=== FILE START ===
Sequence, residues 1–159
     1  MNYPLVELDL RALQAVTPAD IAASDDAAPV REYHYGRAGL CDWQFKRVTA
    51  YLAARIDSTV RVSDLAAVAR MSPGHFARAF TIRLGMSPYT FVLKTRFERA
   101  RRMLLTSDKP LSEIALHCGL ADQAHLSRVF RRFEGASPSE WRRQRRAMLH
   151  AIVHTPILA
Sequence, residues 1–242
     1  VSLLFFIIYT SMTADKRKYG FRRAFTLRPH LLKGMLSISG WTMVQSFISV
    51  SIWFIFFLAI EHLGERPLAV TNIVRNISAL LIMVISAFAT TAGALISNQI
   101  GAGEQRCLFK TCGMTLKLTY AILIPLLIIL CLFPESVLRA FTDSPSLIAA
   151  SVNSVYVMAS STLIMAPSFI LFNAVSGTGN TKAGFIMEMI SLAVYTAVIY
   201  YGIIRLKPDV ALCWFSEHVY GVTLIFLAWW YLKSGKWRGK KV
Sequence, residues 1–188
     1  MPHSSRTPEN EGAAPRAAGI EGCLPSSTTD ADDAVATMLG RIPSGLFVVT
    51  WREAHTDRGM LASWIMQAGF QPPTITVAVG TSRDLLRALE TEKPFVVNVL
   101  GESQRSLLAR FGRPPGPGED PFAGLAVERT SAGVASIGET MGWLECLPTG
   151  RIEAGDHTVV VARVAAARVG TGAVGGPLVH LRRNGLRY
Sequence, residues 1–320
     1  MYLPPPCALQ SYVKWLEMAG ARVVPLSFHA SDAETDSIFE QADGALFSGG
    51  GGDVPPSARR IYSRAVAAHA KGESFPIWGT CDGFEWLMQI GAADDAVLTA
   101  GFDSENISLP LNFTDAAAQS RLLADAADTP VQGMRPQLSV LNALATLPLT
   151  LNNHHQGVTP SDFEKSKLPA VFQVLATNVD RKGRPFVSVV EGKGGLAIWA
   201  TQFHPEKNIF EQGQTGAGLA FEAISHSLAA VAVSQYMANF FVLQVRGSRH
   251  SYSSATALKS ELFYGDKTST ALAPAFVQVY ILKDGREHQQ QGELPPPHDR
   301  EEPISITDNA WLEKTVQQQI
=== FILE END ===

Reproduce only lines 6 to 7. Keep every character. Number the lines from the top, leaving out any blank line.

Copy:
Sequence, residues 1–242
     1  VSLLFFIIYT SMTADKRKYG FRRAFTLRPH LLKGMLSISG WTMVQSFISV